Troubling signs for the future of Australia’s giant coal industry

COAL HAS been king in Australia ever since British colonists first spotted the black stuff in coastal cliffs north of Sydney in the 1790s. Its grand epoch may finally be fading. China, Australia’s second-biggest coal customer, after Japan, was reported on February 21st to have imposed delays on coal imports from Australia at the northern port of Dalian, but not on those from other countries. A day earlier Glencore, a Swiss-based company and Australia’s biggest coal miner, announced it would cap coal production at current levels. And, for the first time, an Australian judge has refused to allow a new coal mine because it would have contributed to climate change.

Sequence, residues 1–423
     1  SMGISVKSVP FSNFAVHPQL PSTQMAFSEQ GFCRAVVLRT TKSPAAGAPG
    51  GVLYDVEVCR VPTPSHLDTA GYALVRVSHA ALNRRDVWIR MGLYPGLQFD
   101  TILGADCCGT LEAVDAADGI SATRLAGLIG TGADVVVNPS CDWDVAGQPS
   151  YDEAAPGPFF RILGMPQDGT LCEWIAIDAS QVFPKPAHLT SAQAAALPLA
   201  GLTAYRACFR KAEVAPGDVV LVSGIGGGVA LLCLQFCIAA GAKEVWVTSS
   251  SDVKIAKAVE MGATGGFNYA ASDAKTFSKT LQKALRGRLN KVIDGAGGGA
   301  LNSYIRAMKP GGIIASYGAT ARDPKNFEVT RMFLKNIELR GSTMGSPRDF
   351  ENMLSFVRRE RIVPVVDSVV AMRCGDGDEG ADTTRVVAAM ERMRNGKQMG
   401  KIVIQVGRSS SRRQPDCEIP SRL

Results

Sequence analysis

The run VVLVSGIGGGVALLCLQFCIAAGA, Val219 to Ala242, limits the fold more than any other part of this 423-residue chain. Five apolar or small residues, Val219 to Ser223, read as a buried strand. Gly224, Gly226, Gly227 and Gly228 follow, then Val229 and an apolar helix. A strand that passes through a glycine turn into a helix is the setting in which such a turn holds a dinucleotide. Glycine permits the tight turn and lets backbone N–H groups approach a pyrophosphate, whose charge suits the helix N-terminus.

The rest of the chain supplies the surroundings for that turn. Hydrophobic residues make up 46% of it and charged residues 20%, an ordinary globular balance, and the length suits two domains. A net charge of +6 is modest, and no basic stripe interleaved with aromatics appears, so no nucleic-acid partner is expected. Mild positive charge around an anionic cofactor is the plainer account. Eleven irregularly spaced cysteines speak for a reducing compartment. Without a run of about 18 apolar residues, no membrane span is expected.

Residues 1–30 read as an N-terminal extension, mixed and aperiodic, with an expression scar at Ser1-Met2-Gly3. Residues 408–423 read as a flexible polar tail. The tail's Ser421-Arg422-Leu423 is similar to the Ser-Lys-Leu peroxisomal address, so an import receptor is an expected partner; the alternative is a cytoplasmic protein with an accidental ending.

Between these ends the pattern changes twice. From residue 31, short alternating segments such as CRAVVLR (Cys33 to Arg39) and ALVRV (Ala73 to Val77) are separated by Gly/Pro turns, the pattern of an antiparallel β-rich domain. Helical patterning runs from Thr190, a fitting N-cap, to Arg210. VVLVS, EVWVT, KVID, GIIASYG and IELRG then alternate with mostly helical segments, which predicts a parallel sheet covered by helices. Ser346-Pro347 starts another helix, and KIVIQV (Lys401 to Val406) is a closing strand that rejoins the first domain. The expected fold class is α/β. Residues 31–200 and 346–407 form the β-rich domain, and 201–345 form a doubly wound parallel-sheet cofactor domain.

The events have intensified a debate over coal’s future in Australia. Already, coal risked being enveloped in political battles over Australia’s climate policy and the economy’s reliance on China, the country’s biggest trading partner. Mining companies must increasingly grapple with not just green protesters but anxious banks, under pressure from investors to limit financing for new, polluting projects. Some big miners brush off any threat. “It is way too early for us to think that this is some turning point,” says Andrew Mackenzie, the chief executive of BHP, a giant miner based in Melbourne.

Coal is forecast to be Australia’s top export by value this year and...



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